Actions During a Labor Dispute

Once a strike occurs, the security part of the proactive strategy will shift into action. Transportation services should be available for managers working in the facility as well as those who are hired temporarily and must cross the picket line. Extra protection for executives at work and at home should be offered, especially if the negotiations become contentious.

Management has definite responsibilities and tasks to perform during the strike. Any investigation should not be deceptive or covert, but should take advantage of security equipment already on site. Many may have the urge to monitor social media for useful information during a strike, but the law limits how that monitoring can occur and what can be done with information discovered. Care must be taken not to violate the rights of striking workers. Otherwise an employer may find itself defending unfair labor practice charges long after the dispute is over.

After the Dispute

A petrochemical company in the Southwest experienced a strike that lasted seven months. The company spent resources on security and logistical support services, and its production capabilities were also affected. While the final agreement was not much different than the original offer, the company experienced reduced production, reduced revenue, and strained relations with the hourly workforce that required repair.

Once contract negotiations are settled, management can take certain steps to start putting the issues behind them and to help ensure that they don’t recur. The executive team must also work to restore the relationship and trust between the employees and the company. Experts on this matter feel that any lingering bitterness between the parties should be resolved quickly and advise that focusing on business usually gets everyone back to normal.

If questions of employee misconduct during the labor dispute arise, the executive staff should review their original bargaining plan and goals before making any decision on whether or to what extent such behavior will be addressed. The company will want to review all options and evidence depending on the type and severity of the misconduct. In the case of minor infractions, management may feel no action is warranted or it may want to look for ways to reconcile the behavior in conjunction with the union. For more egregious acts, an employer may feel disciplinary action is required. Either course of action must be weighed against the current legal environment as well as the post-bargaining climate.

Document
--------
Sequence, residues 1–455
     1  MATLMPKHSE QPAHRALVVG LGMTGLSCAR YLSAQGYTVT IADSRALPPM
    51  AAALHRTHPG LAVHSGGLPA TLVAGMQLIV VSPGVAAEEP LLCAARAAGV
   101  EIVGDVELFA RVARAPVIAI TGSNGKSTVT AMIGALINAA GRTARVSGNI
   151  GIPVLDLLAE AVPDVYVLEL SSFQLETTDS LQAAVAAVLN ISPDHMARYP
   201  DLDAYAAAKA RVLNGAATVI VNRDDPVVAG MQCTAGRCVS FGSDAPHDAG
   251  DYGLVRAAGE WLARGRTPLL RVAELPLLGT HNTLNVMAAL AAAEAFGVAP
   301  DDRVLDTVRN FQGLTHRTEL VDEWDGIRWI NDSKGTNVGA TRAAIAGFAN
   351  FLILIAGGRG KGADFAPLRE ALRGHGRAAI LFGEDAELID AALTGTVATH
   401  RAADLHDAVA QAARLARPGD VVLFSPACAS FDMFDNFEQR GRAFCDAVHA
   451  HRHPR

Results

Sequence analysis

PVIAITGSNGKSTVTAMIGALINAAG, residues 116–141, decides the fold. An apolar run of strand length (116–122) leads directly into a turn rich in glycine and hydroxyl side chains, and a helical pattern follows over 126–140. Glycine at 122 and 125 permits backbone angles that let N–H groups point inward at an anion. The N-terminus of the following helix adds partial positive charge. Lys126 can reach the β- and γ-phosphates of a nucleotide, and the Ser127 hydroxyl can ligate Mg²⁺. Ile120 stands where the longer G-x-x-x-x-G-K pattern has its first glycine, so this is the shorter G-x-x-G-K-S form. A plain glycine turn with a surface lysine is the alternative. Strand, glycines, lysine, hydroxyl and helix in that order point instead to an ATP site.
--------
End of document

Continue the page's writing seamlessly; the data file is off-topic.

Employers should consider two questions: What are the expectations for the business are going forward, and what is the most beneficial path the company can to take to get there? Whichever course of action is chosen, coordinating the process with the human resources, security, and legal departments will better position the company to either move forward under the new contract or appropriately defend the necessity of disciplinary action.

Of course, training is the key to infusing appropriate management techniques and conflict resolution strategies into any corporate culture regardless of the existence of a labor dispute. Without a doubt, risk mitigation strategies are extremely important when working to avoid labor conflict. Executive management must acknowledge that risks will occur and that plans for mitigation are needed up front.

Additionally, in post-incident evaluations, the management team must realize that a labor dispute is not necessarily a defeat. It can simply be a business interruption that must be anticipated and dealt with appropriately. By identifying risk cues and triggers, the executive team can forestall labor incidents that can lead to work stoppages and can analyze mitigation options. Looking at an event through realistic hindsight, management can turn a seemingly negative event into an opportunity to improve performance, expand capacity, and become more flexible.

When viewed through this prism, the risk of a labor dispute will be valuable learning experience.

Peter Martin is the CEO of AFIMAC Global. He is an international security practitioner, having worked extensively in both the North American and overseas markets. Beyond his experience in the international security industry, he is a subjectmatter expert in crisis management, use of force, threat/risk assessment and personal and physical security measures. He can be reached at pmartin@afimacglobal.com